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CLARE v. NEW YORK STATE DIV. OF HOUSING AND COMM. RENEWAL

March 31, 2003

RONALD CLARE, PLAINTIFF,
v.
NEW YORK STATE DIVISION OF HOUSING AND COMMUNITY RENEWAL, DEFENDANT.



The opinion of the court was delivered by: Thomas P. Griesa, United States District Judge

OPINION

Plaintiff Ronald Clare sues the New York State Division of Housing and Community Renewal ("NYDHCR") asserting various claims of discrimination arising out of his failure to be selected for promotion.

On September 24, 1997, Clare filed a complaint with the Equal Employment Opportunity Commission ("EEOC"), alleging discrimination based upon race, sex, and age. On December 22, 1998 the EEOC notified Clare of his right to sue. This action was commenced on January 22, 1999. At the time, Clare was sixty-three years old.

Clare, an African-American, asserts three causes of action: (1) race and sex discrimination in violation of Title VII of the Civil Rights Act of 1964, as amended, and the Civil Rights Act of 1991, 42 U.S.C. § 2000 et seq.; (2) age discrimination in violation of the Age Discrimination in Employment Act of 1967, 29 U.S.C. § 621 et seq. ("ADEA"); and (3) deprivation of his civil rights in violation of the New York State Human Rights Law, Section 296.

NYDHCR now moves for summary judgment dismissing Clare's three causes of action. The motion is granted.

FACTS

1. Background

NYDHCR is a state agency in the Executive Department of the State of New York established to supervise and regulate public and other types of housing receiving forms of public assistance under various government programs. Since February 8, 1984 Clare has been employed by NYDHCR as a Housing Management Representative, a civil service position classified as salary grade 23(SG-23).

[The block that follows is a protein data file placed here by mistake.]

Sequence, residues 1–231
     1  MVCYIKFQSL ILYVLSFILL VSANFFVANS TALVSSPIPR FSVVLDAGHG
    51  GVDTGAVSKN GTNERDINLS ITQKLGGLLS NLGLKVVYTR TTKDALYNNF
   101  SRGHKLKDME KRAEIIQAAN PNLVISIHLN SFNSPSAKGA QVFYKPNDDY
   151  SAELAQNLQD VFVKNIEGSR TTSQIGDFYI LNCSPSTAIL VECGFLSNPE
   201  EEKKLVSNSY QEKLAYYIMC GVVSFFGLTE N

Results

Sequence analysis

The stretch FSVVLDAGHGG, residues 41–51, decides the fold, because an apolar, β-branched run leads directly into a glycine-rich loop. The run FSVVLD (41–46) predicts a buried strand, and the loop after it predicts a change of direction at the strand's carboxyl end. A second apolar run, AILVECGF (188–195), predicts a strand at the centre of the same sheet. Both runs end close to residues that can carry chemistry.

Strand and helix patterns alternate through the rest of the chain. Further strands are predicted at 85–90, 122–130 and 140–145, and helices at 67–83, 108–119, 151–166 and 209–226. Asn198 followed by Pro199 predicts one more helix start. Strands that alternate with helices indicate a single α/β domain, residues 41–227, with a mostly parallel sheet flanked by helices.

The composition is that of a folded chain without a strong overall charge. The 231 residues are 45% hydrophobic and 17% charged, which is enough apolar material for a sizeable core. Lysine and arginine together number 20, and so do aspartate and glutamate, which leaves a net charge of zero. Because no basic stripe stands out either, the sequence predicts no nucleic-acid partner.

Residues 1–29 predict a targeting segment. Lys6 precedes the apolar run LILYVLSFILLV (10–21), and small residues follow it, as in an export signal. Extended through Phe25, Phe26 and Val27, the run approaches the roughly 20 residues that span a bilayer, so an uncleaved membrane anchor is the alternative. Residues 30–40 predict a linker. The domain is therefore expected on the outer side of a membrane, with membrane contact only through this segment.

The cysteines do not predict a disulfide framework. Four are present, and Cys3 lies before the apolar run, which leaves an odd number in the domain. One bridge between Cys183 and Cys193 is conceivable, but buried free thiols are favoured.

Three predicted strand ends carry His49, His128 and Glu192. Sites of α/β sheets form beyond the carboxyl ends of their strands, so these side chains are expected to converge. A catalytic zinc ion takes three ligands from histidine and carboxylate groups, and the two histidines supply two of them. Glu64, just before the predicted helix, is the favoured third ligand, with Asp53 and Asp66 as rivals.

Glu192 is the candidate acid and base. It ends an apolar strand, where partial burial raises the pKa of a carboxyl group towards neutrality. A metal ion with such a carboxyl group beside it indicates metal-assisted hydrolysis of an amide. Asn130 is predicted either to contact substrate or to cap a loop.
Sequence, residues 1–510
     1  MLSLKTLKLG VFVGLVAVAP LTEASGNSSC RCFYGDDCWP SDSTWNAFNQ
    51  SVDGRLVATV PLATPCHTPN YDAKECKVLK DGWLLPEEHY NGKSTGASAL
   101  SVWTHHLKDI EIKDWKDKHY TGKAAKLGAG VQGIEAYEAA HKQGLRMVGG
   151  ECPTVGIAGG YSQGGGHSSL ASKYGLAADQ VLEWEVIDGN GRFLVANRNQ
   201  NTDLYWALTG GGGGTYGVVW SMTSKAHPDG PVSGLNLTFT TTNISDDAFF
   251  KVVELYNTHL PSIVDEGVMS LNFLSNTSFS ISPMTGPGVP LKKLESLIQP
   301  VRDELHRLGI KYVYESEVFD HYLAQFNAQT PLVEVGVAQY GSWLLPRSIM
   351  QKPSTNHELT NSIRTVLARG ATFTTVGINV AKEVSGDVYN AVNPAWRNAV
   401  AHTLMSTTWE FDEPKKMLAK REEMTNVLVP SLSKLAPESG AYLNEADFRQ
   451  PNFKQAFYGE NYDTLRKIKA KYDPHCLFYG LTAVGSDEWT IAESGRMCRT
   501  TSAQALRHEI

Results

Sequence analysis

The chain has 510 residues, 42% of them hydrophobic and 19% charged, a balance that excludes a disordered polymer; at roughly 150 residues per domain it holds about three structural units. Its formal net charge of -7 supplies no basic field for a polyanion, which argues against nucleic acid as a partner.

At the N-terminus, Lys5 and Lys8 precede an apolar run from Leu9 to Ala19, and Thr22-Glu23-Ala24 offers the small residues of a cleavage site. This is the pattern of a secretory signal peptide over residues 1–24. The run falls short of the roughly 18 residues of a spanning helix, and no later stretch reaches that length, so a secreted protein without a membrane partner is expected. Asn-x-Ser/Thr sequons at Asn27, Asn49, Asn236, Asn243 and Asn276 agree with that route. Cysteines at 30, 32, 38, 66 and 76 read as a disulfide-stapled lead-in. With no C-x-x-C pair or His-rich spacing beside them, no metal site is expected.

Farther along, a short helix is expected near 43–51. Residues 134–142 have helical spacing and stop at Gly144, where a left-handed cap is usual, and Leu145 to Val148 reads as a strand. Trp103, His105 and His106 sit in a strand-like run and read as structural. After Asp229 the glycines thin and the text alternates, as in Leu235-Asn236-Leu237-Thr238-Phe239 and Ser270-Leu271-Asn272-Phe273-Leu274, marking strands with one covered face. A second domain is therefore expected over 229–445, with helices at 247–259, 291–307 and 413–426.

Civil Service promotions are governed by the New York State Civil Service Law. Candidates for a vacant position take an examination and are graded and ranked. On the basis of the examination an eligibility list is created. When filling vacancies, the appointing agency is required to appoint one of the three highest ranking persons. See New York Civil Service Law § 61(1). This policy is known as the "one-in-three" rule.

Clare is complaining about his failure to be promoted from Housing Management Representative (SG-23) to Senior Housing Management Representative (SG-26).

Three position openings occurred in July 1997, June 1999, and October 1999. The Court notes that Clare has not amended his complaint filed in January 1999 to incorporate the later two occasions, but for the purposes of this motion the Court will include all three in Clare's claim.

A promotion examination was held in March 1995. Clare took this examination. The results were established in July 1995. The promotional eligibility rankings were divided into "A" and "B" lists. The "A" list related to Housing Management, while the "B" list related to Community Development. The July 1995 lists were to be used to fill vacancies in the position of Senior Housing Management Representative, the position Clare sought. Clare was on the "A" list. The relationship between the A & B lists does not require detailed discussion, except that Clare raises an issue about the fact that one John Caldwell was transferred from the B list to the A list sometime after July 1995. This will be discussed below.